JK: At which point you were immediately drafted.
EM: Yes. The war was winding down, and I was posted to Frankfurt, Germany where I spent 15 months as the regiment artist. I did many realistic portrayals of the soldier’s life. From Germany I could travel to Paris and Italy. I did a lot of looking at art during this time, primarily at the historical record since I could find little contemporary art. When I was discharged, I immediately resumed working abstractly, just following my nose with no particular affiliation to any school or philosophy of art. I received a BFA from the Cleveland Institute of Art in 1957.
JK: You moved back to Pittsburgh to pursue a master’s degree at Carnegie Tech.
EM: I revered the prodigious painter, Balcomb Greene, who was teaching at Carnegie at that time, and I audited his art history class. He opened my eyes to many new ideas. I was doing a lot of pen and ink drawings, working intuitively and abstractly. I was interested in series and was doing a lot of crosshatching in my drawings. I taught while working towards my degree. I was required to teach lithography, a subject in which I had no prior experience. After three weeks of messing around, I told the students we could learn lithography together. In the class I met an undergraduate art student, Frank Hewitt. Frank was an excellent student. We were like-minded and shared a passion for drawing. We soon became very good friends and would engage in wide-ranging and intense discussions about art.
JK: After completing your MFA in 1959, you accepted a teaching position at the Cleveland Institute of Art where you would soon be reunited with Hewitt.
EM: I had been teaching in Cleveland for a little over a year when the director called me in and indicated that they were considering hiring Frank Hewitt. Thrilled, I did not disclose that he and I were close friends for fear of jeopardizing the hire. Frank got the job, and we resumed our conversations.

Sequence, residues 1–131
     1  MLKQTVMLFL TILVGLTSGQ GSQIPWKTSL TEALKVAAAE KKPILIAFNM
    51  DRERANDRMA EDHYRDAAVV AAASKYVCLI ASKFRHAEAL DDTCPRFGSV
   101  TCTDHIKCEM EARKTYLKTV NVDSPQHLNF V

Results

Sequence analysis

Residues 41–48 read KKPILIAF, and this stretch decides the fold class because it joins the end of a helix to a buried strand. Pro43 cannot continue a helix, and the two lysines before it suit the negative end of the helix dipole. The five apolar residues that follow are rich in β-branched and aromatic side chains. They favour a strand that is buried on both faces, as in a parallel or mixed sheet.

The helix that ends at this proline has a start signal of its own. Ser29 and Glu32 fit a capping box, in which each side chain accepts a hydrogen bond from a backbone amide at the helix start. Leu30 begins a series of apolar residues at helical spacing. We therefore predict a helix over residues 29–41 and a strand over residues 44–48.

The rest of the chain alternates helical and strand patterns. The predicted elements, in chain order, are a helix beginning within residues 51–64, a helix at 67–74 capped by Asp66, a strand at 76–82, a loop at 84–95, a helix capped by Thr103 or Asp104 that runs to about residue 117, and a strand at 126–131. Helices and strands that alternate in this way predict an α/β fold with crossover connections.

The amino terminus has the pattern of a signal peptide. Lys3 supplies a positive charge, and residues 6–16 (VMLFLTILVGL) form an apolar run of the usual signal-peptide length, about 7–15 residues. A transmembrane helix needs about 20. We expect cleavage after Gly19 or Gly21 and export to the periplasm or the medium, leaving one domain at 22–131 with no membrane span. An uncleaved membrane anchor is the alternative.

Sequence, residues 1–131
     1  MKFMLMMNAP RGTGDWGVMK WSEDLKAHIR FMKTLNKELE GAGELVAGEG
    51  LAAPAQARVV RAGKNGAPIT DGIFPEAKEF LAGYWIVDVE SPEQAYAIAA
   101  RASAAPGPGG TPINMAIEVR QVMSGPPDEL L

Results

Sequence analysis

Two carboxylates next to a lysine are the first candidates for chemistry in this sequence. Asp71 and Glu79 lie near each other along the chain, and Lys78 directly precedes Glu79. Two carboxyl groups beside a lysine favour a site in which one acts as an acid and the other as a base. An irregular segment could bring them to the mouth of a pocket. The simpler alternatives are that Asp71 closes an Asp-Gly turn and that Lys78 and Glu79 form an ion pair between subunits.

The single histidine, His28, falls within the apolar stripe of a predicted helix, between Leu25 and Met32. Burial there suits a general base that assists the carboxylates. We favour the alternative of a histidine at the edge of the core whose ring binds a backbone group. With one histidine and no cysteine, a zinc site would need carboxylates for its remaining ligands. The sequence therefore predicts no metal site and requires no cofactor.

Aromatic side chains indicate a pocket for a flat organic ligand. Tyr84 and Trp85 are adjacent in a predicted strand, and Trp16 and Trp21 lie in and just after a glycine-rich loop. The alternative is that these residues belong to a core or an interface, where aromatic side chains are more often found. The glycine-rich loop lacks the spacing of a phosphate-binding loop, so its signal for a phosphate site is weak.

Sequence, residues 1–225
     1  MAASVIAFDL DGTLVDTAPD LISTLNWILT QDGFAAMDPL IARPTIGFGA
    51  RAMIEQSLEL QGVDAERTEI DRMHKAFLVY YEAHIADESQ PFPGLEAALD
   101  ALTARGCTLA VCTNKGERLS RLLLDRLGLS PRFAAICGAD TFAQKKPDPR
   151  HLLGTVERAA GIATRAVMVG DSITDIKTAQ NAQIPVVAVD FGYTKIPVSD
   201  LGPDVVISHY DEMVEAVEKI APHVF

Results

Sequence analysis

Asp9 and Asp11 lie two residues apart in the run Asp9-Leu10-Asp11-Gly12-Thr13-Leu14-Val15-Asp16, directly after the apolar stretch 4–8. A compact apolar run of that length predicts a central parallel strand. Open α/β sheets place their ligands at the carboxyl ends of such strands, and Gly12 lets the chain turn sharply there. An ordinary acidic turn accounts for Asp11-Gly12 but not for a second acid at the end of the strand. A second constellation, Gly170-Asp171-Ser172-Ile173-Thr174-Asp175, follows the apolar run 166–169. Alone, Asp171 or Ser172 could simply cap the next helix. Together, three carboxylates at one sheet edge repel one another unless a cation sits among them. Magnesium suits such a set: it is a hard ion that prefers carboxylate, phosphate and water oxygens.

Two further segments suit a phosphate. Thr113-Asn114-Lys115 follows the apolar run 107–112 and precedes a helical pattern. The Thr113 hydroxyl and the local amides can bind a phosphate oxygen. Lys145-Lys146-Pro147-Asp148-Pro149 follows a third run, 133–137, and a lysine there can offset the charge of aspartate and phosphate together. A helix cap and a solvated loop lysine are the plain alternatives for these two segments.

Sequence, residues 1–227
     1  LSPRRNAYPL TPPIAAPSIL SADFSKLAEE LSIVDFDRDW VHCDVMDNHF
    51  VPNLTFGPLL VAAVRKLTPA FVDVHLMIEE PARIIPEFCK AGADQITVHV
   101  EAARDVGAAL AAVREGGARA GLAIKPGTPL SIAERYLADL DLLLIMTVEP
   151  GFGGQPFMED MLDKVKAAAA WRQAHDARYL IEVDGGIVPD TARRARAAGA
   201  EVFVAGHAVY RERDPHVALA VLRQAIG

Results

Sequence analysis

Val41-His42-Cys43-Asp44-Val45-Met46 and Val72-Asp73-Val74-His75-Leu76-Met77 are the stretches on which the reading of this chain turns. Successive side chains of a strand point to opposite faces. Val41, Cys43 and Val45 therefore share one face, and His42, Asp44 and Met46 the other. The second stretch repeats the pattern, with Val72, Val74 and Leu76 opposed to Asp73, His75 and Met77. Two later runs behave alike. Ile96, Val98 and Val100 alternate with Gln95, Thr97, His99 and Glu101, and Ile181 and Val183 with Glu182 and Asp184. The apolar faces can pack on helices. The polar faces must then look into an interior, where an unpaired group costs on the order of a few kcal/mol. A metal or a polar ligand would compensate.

JK: Hewitt had done his master’s thesis at Oberlin College on the psychology of perception. While teaching at the Cleveland Institute of Art, he would simultaneously pursue a doctorate in aesthetics and psychology at Case Western Reserve University.
EM: I was older than Frank, more devleoped as a painter, and I was constantly painting. Frank was brillant and opened up new vistas for me. He firmly believed that the study of perceptual processes would provide new terrain for abstract painters to explore. We read and discussed American studies in visual perception. The work of J. J. Gibson was probably the most influential for us. Gibson developed his ideas about perception during his time directing aviation training during WWII. Among other things, he studied how bomber pilots estimated distance from the ground on foggy nights.
JK: Gibson identified the monocular and stereoscopic cues involved in depth perception. He believed that perception was an active process—a transaction between perceiver and environment.
EM: Yes. Frank and I drew on the work of Gibson and others working in the science and psychology of perception to develop a unique course we called Dimensional Drawing. Our course emphasized a systematic, problem-solving approach to making art. We taught students how artists were able to imply space on a two-dimensional surface. We focused in particular on the depth cues of relative size, relative brightness and overlap. We worked feverishly to develop this course, constantly doing research, and we were very passionate about it. We both learned a great deal from teaching that class.
JK: Your conversations, research and teaching with Hewitt would provide much of the conceptual foundation for the artist collaborative you founded with Hewitt and painter, Ernst Benkert, in 1960.